### 1 — 08:30 — An asynchronous parallel bundle method

In this talk we present a fully asynchronous proximal bundle method for solving non-smooth, convex optimization problems. The algorithm can be used as a drop-in replacement for classic bundle methods, i.e., the function must be given by a first-order oracle for computing function values and subgradients. The algorithm allows for an arbitrary number of master problem processes computing new candidate points and oracle processes evaluating functions at those candidate points. These processes share information by communication with a single supervisor process that resembles the main loop of a classic bundle method. All processes run in parallel and no explicit synchronization step is required. Instead, the asynchronous and possibly outdated results of the oracle computations can be seen as an inexact function oracle. Hence, we show the convergence of our method under weak assumptions very similar to inexact and incremental bundle methods. In particular, we show how the algorithm learns important structural properties of the functions to control the inaccuracy induced by the asynchronicity automatically such that overall convergence can be guaranteed. Our tests on relaxations of some multi-commodity flow problems show the advantageousness of our approach if there are some slower processes.

### 2 — 09:00 — Geometric characterizations of Lipschitz stability for convex optimization problems

In this paper, we mainly study tilt stability and Lipschitz stability of convex optimization problems. Our characterizations are geometric and fully computable in many important cases. As a result, we apply our theory to the group Lasso problem and the nuclear norm minimization problem and reveal that the Lipschitz stability of the solution mapping in these problems is automatic whenever the solution mapping is single-valued.

### 3 — 09:30 — First-Order Methods for Constrained Optimization Problems Under Distributional Uncertainties: Empirical Evaluations and Theory

Nonconvex models, like deep learning, have excelled in recent machine learning tasks. Practical training of such models involves meeting multiple requirements, including fairness, robustness, and accuracy-at-top. To address these requirements, training can be performed by solving a constrained optimization problem, with each requirement represented as a constraint. Moreover, distributional shifts from the training phase to the deployment (test) phase might occur. Practitioners commonly tackle this constrained optimization problem by solving the Lagrangian Relaxation and fine-tuning the Lagrange multipliers. Although easily implemented in training frameworks by altering the loss function, Lagrangian Relaxation for nonconvex problems may fail to converge, even with close initialization to the optimal solution. In this work, we investigate existing alternative approaches for training large models under the presence of constraints (and possible distribution shifts). We specifically assess the performance of Exact Penalty (EP), Dual Ascent (DA), and the Method of Multipliers (MM). Like Lagrangian relaxation, these methods seamlessly integrate into existing frameworks, such as PyTorch. We investigate convergence to stationarity, stability around optimal solutions, and hyperparameter tuning for these approaches both in theory and with empirical evaluations. Our extensive numerical experiments demonstrate that, across a diverse range of scenarios, these alternative approaches consistently outperform Lagrangian Relaxation which is commonly used by practitioners.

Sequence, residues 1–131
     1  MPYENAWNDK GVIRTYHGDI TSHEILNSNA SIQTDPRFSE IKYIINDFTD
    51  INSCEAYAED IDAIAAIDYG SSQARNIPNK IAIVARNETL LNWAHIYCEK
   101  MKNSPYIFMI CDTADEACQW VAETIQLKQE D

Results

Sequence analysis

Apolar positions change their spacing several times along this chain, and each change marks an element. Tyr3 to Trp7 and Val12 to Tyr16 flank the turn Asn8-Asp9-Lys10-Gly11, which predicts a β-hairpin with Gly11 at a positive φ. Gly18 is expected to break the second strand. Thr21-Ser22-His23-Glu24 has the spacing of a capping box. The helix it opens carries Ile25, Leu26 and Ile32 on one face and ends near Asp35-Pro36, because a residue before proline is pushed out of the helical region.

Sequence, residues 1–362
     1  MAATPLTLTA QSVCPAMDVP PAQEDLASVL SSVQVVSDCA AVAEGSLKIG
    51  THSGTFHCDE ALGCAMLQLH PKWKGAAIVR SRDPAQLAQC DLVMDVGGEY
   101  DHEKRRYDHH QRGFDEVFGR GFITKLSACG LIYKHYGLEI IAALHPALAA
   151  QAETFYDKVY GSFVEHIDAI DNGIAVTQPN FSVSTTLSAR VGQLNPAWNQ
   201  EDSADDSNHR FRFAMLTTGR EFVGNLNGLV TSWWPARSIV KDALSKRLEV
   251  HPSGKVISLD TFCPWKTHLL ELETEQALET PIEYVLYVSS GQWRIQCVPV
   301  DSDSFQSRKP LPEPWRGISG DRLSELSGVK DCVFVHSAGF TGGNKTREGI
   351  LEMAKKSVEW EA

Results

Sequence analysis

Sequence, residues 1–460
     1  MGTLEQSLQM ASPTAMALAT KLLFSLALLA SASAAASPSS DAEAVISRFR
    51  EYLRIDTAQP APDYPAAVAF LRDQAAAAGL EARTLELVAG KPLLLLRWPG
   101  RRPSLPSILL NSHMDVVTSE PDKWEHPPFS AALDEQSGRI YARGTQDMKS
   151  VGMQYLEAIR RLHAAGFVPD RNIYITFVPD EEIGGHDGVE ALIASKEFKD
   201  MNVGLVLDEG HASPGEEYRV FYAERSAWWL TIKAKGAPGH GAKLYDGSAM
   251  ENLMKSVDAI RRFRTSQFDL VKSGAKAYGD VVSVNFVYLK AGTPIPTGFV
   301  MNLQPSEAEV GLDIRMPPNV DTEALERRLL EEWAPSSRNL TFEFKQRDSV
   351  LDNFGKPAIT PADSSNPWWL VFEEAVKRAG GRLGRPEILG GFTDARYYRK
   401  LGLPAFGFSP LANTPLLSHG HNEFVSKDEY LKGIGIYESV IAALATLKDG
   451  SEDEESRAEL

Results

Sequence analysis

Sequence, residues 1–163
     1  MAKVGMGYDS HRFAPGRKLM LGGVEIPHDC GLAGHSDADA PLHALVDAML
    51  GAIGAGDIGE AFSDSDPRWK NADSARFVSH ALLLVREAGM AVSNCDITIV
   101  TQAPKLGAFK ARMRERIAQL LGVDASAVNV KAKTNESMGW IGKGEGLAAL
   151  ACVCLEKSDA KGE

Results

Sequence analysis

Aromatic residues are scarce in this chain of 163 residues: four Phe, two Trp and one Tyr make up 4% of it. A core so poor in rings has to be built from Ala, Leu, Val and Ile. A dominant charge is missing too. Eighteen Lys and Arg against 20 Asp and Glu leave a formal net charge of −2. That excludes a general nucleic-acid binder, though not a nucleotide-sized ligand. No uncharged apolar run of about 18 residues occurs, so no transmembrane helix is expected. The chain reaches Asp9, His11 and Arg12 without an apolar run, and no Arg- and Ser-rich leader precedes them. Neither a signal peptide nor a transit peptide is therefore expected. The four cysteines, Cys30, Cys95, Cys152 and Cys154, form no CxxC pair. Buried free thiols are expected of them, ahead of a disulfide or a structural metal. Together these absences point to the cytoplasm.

### 4 — 10:00 — Proximal Algorithms for Gaussian variational inference via JKO in the Bures-Wasserstein Space

Variational inference (VI) has emerged as a tractable alternative to computationally demanding Monte Carlo Markov Chain (MCMC) methods. VI seeks to approximate a target distribution by an element of a tractable family of distributions. Of key interest in statistics and machine learning is Gaussian VI, which approximates the target by minimizing the Kullback-Leibler (KL) divergence to over the space of Gaussians. In this work, we develop the (Stochastic) Forward-Backward Gaussian Variational Inference (FB-GVI) algorithm to solve Gaussian VI. Our approach exploits the composite structure of the KL divergence, which can be written as the sum of a smooth term (the potential) and a non-smooth term (the entropy) over the Bures-Wasserstein (BW) space of Gaussians endowed with the Wasserstein distance. FB–GVI hence leverages celebrated ideas from the literature on composite and non-smooth optimization. A key insight in this work is that the JKO operator for the entropy, when restricted to the BW space, admits a closed form, and hence leads to an implementable (stochastic) forward-backward (or proximal

gradient) algorithm for Gaussian VI. In turn, it yields new computational guarantees for Gaussian VI under a variety of standard assumptions. Specifically, we obtain state-of-the-art convergence guarantees when is log-smooth and log-concave, as well as the first convergence guarantees to first-order stationary solutions when is only log-smooth.